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I 10 THE WESTERN WEEKLY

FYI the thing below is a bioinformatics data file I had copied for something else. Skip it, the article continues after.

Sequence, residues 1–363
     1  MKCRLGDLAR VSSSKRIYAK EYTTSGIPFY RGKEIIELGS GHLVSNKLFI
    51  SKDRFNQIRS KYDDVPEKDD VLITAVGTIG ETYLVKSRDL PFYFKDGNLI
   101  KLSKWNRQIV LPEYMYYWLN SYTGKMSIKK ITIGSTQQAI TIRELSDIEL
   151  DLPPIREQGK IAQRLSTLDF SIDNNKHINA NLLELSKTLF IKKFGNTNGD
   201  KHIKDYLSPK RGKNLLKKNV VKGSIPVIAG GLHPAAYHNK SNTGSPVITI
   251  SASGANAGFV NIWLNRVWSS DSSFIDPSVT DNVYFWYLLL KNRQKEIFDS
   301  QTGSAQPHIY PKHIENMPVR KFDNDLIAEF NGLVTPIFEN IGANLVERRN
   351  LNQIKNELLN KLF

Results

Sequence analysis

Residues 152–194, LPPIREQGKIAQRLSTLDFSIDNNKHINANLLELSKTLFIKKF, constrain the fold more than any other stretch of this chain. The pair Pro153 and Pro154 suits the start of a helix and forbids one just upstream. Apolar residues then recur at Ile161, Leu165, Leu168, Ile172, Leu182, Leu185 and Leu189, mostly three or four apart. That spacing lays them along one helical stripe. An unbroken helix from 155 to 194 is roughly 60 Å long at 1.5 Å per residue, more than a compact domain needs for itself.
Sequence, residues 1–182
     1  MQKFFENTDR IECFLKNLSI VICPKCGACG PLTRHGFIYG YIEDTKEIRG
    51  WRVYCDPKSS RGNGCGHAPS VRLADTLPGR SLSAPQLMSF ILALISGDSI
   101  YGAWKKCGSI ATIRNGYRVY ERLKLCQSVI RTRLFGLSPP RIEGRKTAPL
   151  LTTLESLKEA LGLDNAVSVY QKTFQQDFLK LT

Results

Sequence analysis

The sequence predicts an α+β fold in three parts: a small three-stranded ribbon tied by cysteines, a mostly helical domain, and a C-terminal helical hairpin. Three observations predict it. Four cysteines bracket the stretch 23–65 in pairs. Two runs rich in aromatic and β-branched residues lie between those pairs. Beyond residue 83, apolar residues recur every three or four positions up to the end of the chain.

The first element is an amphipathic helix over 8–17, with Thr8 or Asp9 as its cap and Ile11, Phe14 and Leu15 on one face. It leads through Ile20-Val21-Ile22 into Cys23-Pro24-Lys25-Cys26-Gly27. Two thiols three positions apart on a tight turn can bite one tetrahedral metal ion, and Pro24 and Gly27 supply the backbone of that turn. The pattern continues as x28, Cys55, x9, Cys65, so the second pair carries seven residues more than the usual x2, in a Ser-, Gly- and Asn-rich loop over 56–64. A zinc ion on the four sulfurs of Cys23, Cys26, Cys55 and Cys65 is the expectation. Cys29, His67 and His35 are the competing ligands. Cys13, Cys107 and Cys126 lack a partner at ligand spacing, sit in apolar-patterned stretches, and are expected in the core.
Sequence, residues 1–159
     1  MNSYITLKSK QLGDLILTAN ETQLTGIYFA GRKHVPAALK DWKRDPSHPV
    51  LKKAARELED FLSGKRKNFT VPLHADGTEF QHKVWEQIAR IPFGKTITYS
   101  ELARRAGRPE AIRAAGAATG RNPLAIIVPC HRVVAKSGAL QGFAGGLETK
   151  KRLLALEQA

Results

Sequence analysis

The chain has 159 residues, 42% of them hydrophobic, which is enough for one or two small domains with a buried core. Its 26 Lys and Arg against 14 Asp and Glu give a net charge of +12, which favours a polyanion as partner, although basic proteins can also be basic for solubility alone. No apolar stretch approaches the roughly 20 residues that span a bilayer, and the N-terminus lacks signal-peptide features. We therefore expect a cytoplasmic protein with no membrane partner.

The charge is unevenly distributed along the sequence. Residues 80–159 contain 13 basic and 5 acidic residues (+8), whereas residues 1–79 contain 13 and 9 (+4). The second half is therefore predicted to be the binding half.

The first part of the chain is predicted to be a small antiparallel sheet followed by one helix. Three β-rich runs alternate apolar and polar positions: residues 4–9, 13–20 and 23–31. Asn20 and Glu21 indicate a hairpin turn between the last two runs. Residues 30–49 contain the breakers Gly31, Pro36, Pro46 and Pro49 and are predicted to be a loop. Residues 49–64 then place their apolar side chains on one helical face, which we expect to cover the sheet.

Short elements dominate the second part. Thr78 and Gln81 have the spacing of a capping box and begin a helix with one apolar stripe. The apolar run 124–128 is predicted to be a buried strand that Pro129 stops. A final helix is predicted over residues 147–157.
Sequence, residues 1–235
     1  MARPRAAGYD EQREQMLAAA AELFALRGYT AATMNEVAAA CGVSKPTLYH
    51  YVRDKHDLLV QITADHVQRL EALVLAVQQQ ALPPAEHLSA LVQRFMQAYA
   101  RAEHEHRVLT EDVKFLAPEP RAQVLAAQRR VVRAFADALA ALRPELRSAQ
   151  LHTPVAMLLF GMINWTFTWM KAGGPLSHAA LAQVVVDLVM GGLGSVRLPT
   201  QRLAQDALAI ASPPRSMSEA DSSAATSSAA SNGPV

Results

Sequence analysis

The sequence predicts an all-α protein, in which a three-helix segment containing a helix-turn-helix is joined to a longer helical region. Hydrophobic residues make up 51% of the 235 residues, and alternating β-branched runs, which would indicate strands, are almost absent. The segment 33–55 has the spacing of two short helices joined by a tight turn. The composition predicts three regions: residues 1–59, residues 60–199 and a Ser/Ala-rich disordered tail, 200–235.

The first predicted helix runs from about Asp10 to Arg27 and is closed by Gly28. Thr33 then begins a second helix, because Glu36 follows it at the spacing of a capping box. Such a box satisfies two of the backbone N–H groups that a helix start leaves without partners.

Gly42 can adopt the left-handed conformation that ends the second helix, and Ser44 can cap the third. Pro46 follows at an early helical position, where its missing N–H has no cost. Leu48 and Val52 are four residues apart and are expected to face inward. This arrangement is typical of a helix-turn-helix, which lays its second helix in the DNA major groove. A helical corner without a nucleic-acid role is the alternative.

I Music and Theatres H Amusements To-night. H Salt Lake Theatre "Crystal Slipper." H Orpheum Advanced vaudeville. H Grand "Confessions of a Wife." BJ H This Week's Review H Salt Lake Theatre. H This has been amateur week at the Salt Lake theatre a week H of successes for the different local performers. On Monday night H the boys of All Hallows college presented "Rogueries of Scapin," H the play being given for the benefit of the athletic fund of the col- H lege, and was generously patronized by the friends of that seat of H learning. The boys acquitted themselves in a very creditable man- H ner, their efforts showing what may be accomplished by careful training and study. H On Tuesday evening Miss Sybella White Clayton made her H initial bow before a Salt Lake audience, a goodly congregation of H those musically inclined being delighted by her masterly pcrform- H ance on the piano. Miss Clayton has but recently returned to Salt H Lake after two years' study abroad, and the satisfactory performance H of Tuesday evening would indicate that another of Utah's gifted M daughters is destined to win fame and fortune in musical circles. M One of the most pretentious amateur performances of the season H it, the "Crystal Slipper," which would be a mammoth undertaking M for anj' aggregation of talent, and no doubt the vast majority of those m who attended the opening performance Thursday night were sur- m prised at the unqualified success of the production. The specialties M were all presented in a manner that showed but little trace of ama- M ) teurism, while the little tots who took part had been drilled until B they went through the performance with an ease and abandon that i was truly surprising. Another demonstration of the fact that the H average Utahn is a born artist on the stage. The entertainment M is not only worthy of patronage from the standpoint of excellence, H but the purpose for which it is given is a most worthy one. There H will be a matinee performance at 2 p. m., while the curtain for the M closing performance goes up at 7:45 tonight. M Orpheum. HI There is the usual quota of attractive and entertaining numbers HI at the Orpheum this week, chief among which is the acrobatic bicycle J act of the Duncdiu troupe, four of the most daring bicycle riders HI that have ever been seen in this city, and who perform feats on the BJ bicycle that one would declare impossible if they were not presented Bfl in the glare of the electric light and before an audience that simply Bl holds its breath at times at the daring feats of the riders. There arc BB two little playlets, Chas. II. Bradshaw and company in "Fix in a BB Fix," in which the mother-in-law is burlesqued, and Felix and Harry BB in a laughable sketch called "The Boy Next Door," the facial con- BB tortious of Felix being responsible for a good deal of merriment. BB Lillian Apcl is the personification of artistic cleverness in her se- BB lectionof "talk songs" and piano selections. The Murray Sisters BB arc also clever entertainers, both having clear, sweet voices, besides BB being possessed of good looks. Irving Jones, the "stuttering coon," BB is one of the most entertaining singers of "coon" songs we have had BB with us this year. It's seldom that a colored man is a success as an B imitator of his own people, but Jones seems to have caught the B knack. The Wcihc orchestra seems in an unusually happv humor B this week, while some really comical moving pictures put the finish- B ing touches to a first class performance. H Grand. "The Confessions of a Wife," being presented at the Grand this B week by the Earl Burgess company, has proven a most agreeable B surprise. I he title sounds mightily like one of Albert Ross' stories. BB but the play in reality is one of the most wholesome, clean and c inning little dramas that has been presented at the Grand in many . long day. There is plenty of action and stirring incidents, yet the story is told in a manner truly delightful, instructive and cntcrtain- ing. Mr. Noble has greater opportunities than in any part in Avhich he has been seen since coming to the Grand, displaying considerable J dramatic ability, as does also Miss Dorothy Mark. Other members of the company who contribute materially to the success of the nro- duction are Harry Bcwley and Ira E. Earle. Press Agent Promises Coming Attractions. Salt Lake Theatre "Boccaccio," May 25th; William Collier in "Caught in the Rain," May 28th, 29th and 30th. Orpheum Advanced vaudeville. Grand Earl liurgess company. -ft. Salt Lake Theatre. Next Monday night at the Salt Lake theatre the B. Y. U. Opera Company of 1'rovo will produce "Boccaccio" under the direction of Prof. A. C. Lund. The opera has been given in Provo and other towns with great success. "Caught in the Rain," the three-act farce by William Collier and Grant Stewart, in which Mr. Collier will be seen at the Salt Lake theatre next Thursday, Friday and Saturday, was the notable farce hit of the past year in New York where it ran throughout the season at the Garrick theatre. The play deals with the romance of a bashful young man who is forced through a terrific rain storm to spend a quarter of an hour ig under an awning with a very pretty girl with whom he falls desper ately in love, but because of a mistake in her identity, deliberately refuses to marry her and even sacrifices his fortune rather than be feiithlcss to the "other girl." The "other girl" is, of course, the very one whom he has been refusing to marry. In the end, however, the romance has a happy ending. Mr. Collier has never been seen to better advantage than as Dick Crawford, the hero of the play. The atmosphere of "Caught in the Rain" is that of the West, the scenes being laid in Helena, Montana. There is plenty of realism in the pew farce, including a rain storm in the first act, the most realistic ever attempted upon the stage. It was through Walter Damrosch's personal friendship with Andrew Carnegie that the latter was made to feel the need of a large hall in New York City devoted exclusively to music. In this respect Mr. Damrosch's acquaintance proved of substantial value to all the musical world, for Carnegie Hall was the result. It was inaugurated in 1890 with a great musical festival. Tschaikowsky, the famous Russian composer, was there upon Mr. Damrosch's invitation, and he directed the most important of his compositions. As a result of the friendship that ensued, Tschaikow sky sent Damrosch the score and parts of his now famous "Pathetic" symphony. The manuscript arrived a week after the composer's death. The sending of it to Damrosch was one of Tschaikowsky's last acts. With the New York Symphony Orchestra, Mr. Damrosch comes to the Salt Lake Theatre June 10th. Orpheum. As the end of the vaudeville season draws near the indications are that the bills will be better and better. The program for this week consists of a splendid array of superior acts, here is the bill. Zeno, Jordan & Zeno, Bert .Levy, Jas. Cunningham & Co., Devlin & Ellwood, John & Mae Burke and Cogan & Bancroft. Zeno. J6rdan & Zeno are the headliners, they are called wizards of the air. Theirs is an acrobatic act that is entirely out of the or dinary and promises to furnish a real, genuine evening's entertain ment. Bert Levy, the clever and polished cartoonist of the N. Y. Tele graph, is billed to present a highly artistic and satisfactory act in which he portrays many of the public men of the day and depicts in an original manner a number of current public events. Jas. Cunningham & Co. are scheduled to appear in an up-to-date " vaudeville sketch entitled, "The Impulse of the Moment." Theirs is a high-class offering in which Mr. Cunningham performs some ex cellent character comedy work. The other members of the cast are artists of recognized ability and this turn should prove a winner. Jas. Devlin and Mae Ellwood present "The Girl from Yonkers," which is a most entertaining and amusing sketch portraying city and country life. It is replete with brilliant, witty lines and un usually clever situations. The press of the country has been unani mous in its praise of this act. Jno. and Mac Burke appear in a musical comedy sketch which is decidedly first class. Mr. Burke plays the part, of a messenger boy and his act in this character is said to be as thrilling and ex citing as a sensational page from a dime novel. He is an accom- ,, plished musician and plays the piano in an enchanting manner. Cogan & Bancroft who have 1 en conceded by most critics to be top notchers among roller sk? performers, perform a highly amusing comedy roller skating U. n that should win favor. Three new subjects on the kinodrome and new selections by Wcihe's popular Orpheum orchora round out the bill.